The tiny hospital at the foot of Indonesia's most volatile volcano is struggling to cope with victims brought in after the mountain's most powerful eruption in a century.
Some have clothes, blankets and even mattresses fused to their skin.
With few beds and the only burn unit in town, doctors have been forced to turn people away.
A surge of searing gas raced down the sides of Mount Merapi at highway speeds on Friday, setting houses and trees ablaze and blackening the bodies of those caught in its path.
The number of people killed by Merapi since October 26 soared to 118 after the nightmarish eruption and sent tens of thousands more into already crowded emergency shelters in the shadow of the volcano.
It continued to rumble and groan on Saturday, spitting gray clouds of ash and gas high into the air.
"It's scary. ... The eruption just keeps going on," said Wajiman, who was sitting in a shelter near a girl reading a newspaper headlined "Merapi isn't finished yet."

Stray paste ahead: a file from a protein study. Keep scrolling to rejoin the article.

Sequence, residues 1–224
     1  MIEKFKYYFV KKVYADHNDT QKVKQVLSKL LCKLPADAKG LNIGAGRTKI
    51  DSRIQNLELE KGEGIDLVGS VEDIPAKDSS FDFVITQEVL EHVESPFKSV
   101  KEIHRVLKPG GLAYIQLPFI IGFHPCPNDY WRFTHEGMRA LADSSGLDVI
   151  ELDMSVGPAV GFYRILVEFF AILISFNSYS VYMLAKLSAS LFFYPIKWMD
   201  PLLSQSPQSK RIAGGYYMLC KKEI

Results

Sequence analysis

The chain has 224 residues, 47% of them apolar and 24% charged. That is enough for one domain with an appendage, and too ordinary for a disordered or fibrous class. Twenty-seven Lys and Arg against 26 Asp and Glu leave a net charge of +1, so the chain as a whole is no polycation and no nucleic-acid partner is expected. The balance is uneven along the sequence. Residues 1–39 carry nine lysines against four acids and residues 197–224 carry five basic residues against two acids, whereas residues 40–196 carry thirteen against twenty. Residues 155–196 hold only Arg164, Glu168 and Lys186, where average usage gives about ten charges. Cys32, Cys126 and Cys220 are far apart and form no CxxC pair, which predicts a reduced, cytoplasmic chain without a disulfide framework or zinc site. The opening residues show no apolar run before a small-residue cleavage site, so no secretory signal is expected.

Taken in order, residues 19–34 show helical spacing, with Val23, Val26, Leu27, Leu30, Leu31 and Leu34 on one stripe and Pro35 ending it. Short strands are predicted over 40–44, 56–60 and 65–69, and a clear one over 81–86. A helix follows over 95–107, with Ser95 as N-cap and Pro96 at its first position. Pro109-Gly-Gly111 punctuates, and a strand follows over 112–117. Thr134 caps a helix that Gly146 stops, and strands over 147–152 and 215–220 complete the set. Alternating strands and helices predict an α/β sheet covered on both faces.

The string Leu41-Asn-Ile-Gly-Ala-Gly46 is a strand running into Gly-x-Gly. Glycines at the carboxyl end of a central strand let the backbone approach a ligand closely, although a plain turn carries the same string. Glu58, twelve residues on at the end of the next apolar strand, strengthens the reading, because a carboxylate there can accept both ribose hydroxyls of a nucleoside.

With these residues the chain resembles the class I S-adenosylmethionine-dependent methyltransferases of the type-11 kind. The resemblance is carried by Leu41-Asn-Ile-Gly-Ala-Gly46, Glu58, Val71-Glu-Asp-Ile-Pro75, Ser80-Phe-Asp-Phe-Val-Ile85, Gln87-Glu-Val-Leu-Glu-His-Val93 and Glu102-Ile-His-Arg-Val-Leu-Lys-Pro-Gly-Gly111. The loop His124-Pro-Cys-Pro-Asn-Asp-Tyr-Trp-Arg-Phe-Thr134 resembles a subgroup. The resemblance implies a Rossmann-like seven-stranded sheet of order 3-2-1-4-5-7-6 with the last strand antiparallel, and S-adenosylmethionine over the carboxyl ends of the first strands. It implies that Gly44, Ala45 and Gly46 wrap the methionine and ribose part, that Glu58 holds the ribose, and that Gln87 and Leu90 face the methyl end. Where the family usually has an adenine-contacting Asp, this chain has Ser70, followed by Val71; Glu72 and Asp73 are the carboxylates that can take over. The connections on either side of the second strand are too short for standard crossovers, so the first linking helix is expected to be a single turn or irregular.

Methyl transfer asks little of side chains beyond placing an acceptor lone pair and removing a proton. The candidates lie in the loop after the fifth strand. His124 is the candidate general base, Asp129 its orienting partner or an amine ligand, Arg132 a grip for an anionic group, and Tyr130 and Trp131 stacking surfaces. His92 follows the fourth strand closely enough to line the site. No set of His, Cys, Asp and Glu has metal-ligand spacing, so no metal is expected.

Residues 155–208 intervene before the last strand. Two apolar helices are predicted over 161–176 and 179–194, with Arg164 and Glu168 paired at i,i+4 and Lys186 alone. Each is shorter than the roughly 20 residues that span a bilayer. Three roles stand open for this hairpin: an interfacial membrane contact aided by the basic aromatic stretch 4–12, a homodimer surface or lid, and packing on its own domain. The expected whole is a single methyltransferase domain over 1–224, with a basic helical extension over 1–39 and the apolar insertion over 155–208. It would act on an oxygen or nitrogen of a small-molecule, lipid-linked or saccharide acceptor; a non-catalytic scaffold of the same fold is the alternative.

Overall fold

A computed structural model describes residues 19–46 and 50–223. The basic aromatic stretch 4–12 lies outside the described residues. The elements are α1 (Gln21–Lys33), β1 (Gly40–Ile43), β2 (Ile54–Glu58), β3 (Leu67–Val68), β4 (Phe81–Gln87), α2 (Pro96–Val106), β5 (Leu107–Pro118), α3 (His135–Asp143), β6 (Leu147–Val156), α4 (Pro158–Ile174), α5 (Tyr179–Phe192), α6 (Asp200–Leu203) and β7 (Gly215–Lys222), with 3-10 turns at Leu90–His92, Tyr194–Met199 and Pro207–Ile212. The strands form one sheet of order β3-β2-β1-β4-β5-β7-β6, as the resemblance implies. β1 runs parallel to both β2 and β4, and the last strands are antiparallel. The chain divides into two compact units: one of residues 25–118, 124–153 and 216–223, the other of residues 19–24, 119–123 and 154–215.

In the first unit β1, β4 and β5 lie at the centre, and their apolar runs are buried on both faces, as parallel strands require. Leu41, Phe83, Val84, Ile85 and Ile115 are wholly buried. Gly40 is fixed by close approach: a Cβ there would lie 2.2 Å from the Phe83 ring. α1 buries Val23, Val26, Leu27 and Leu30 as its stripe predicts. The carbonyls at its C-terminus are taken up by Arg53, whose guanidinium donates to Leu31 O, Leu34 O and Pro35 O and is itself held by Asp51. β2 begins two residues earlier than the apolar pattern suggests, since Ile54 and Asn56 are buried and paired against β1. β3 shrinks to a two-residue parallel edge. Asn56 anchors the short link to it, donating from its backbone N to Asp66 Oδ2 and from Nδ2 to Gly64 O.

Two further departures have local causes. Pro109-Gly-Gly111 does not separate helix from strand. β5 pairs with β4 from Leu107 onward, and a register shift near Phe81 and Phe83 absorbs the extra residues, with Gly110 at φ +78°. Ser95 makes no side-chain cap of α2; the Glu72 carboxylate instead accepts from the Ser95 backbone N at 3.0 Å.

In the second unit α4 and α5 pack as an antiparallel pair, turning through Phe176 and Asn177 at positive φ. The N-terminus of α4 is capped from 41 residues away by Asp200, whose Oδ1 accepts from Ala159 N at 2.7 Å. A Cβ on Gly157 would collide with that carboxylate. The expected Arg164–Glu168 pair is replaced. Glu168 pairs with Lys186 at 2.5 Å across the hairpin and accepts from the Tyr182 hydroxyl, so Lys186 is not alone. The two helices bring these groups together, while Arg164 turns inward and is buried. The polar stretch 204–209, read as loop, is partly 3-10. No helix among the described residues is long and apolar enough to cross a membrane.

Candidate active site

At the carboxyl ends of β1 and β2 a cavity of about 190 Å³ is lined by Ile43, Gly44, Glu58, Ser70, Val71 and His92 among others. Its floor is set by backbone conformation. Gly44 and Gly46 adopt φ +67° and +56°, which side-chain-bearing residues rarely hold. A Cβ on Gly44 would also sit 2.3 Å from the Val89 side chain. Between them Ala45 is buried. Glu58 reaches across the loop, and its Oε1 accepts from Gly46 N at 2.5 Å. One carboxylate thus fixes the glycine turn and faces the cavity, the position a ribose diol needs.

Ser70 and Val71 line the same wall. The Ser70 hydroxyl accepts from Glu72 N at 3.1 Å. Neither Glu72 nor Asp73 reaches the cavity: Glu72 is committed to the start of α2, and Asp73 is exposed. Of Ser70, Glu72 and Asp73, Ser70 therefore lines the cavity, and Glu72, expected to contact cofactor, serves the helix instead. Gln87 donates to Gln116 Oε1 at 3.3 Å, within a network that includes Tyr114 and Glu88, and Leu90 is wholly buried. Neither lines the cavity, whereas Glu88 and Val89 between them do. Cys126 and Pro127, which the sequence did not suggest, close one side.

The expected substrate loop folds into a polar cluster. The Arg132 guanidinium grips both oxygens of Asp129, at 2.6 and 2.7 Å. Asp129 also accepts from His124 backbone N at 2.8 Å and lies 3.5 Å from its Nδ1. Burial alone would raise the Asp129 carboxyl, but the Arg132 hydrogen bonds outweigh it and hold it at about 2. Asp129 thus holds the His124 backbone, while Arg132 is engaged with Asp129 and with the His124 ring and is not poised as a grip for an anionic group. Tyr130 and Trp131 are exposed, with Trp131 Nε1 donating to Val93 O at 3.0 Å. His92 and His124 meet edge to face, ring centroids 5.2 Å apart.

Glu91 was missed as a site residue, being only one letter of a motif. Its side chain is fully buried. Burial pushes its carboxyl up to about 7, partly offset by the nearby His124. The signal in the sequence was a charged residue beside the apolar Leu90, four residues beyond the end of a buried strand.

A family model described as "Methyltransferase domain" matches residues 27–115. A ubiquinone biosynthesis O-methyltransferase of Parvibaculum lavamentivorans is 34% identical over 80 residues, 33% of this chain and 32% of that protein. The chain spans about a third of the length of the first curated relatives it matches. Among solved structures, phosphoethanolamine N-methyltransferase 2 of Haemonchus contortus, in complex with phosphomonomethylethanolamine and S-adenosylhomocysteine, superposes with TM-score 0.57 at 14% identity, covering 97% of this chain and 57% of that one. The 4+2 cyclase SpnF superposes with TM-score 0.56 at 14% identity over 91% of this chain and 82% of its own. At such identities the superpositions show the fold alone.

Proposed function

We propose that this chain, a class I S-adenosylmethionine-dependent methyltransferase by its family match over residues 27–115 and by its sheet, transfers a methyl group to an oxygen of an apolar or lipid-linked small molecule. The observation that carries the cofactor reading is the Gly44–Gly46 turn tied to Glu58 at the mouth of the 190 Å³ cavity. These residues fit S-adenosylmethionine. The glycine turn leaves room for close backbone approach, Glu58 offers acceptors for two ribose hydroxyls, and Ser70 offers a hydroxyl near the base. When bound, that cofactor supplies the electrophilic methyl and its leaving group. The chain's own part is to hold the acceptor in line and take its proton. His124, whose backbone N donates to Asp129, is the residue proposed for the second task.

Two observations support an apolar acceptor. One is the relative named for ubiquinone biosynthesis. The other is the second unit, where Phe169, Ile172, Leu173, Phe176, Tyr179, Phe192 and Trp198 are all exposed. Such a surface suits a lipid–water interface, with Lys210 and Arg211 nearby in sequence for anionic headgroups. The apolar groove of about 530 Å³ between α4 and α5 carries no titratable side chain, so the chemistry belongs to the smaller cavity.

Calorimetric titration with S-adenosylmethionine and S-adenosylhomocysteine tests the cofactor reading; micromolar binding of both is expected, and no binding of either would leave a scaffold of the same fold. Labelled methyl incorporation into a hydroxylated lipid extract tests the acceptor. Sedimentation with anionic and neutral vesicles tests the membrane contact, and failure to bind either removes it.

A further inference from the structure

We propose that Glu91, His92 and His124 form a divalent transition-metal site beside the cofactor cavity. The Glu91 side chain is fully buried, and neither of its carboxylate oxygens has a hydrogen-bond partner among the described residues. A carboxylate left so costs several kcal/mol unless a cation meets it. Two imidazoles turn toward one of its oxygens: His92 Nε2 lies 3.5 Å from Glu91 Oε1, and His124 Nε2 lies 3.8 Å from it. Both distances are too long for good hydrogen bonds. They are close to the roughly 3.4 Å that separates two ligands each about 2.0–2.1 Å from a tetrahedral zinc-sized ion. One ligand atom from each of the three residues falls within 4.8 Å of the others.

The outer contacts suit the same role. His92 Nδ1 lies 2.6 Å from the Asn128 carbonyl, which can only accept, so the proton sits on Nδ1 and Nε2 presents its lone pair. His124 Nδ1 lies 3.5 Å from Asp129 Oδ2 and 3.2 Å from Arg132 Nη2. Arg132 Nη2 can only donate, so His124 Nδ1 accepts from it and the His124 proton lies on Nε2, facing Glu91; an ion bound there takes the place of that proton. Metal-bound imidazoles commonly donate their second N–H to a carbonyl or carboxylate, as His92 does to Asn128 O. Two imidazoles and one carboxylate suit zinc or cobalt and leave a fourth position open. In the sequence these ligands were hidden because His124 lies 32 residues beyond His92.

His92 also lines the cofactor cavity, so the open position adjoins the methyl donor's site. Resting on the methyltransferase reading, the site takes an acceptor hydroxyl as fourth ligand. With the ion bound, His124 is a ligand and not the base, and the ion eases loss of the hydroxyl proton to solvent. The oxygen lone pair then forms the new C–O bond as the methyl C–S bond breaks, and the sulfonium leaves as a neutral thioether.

The worst hit village of Bronggang lay 15 kilometers from the fiery crater, just on the perimeter of the government-delineated 'danger zone.' Crumpled roofs, charred carcasses of cattle and broken chairs — all layered in white ash and soot — dotted the smoldering landscape.
The zone has since been expanded to a ring 20 kilometers from the peak, bringing it to the edge of the ancient royal capital of Yogyakarta, which has been put on its highest alert. Poor visibility from ash showers snarled traffic and forced closed the city's airport for a second day .
The biggest threat is the Code River, which flows from the 3,000-meter mountain into the heart of the city of 400,000 and could act as conduit for deadly volcanic mudflows that can race at speeds of 100 kph.
Already, it is clogged with cold lava, mud, rocks and other debris.
Sri Sucirathasri said her family had stayed in their Bronggang home on Thursday night because they hadn't been told to leave.
They awoke in the dark as the mountain let out thunderous claps and tried desperately to outrun the flows on a motorbike. Her mother, father and 12-year-old sister, Prisca, left first, but with gray ash blocking out any light, they mistakenly drove into — rather than away from — the volcano's dangerous discharge.